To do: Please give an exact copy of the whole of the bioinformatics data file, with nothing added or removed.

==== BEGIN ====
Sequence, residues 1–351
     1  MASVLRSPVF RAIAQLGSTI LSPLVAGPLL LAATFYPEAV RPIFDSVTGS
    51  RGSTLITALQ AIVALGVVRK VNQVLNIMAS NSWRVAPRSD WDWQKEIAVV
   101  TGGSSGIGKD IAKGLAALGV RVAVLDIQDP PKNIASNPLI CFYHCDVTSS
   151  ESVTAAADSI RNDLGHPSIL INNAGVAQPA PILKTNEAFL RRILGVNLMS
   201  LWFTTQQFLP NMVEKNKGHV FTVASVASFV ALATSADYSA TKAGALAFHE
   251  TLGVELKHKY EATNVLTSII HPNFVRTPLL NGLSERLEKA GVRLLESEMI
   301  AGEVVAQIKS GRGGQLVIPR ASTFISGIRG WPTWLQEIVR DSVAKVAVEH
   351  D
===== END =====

Sequence, residues 1–351
     1  MASVLRSPVF RAIAQLGSTI LSPLVAGPLL LAATFYPEAV RPIFDSVTGS
    51  RGSTLITALQ AIVALGVVRK VNQVLNIMAS NSWRVAPRSD WDWQKEIAVV
   101  TGGSSGIGKD IAKGLAALGV RVAVLDIQDP PKNIASNPLI CFYHCDVTSS
   151  ESVTAAADSI RNDLGHPSIL INNAGVAQPA PILKTNEAFL RRILGVNLMS
   201  LWFTTQQFLP NMVEKNKGHV FTVASVASFV ALATSADYSA TKAGALAFHE
   251  TLGVELKHKY EATNVLTSII HPNFVRTPLL NGLSERLEKA GVRLLESEMI
   301  AGEVVAQIKS GRGGQLVIPR ASTFISGIRG WPTWLQEIVR DSVAKVAVEH
   351  D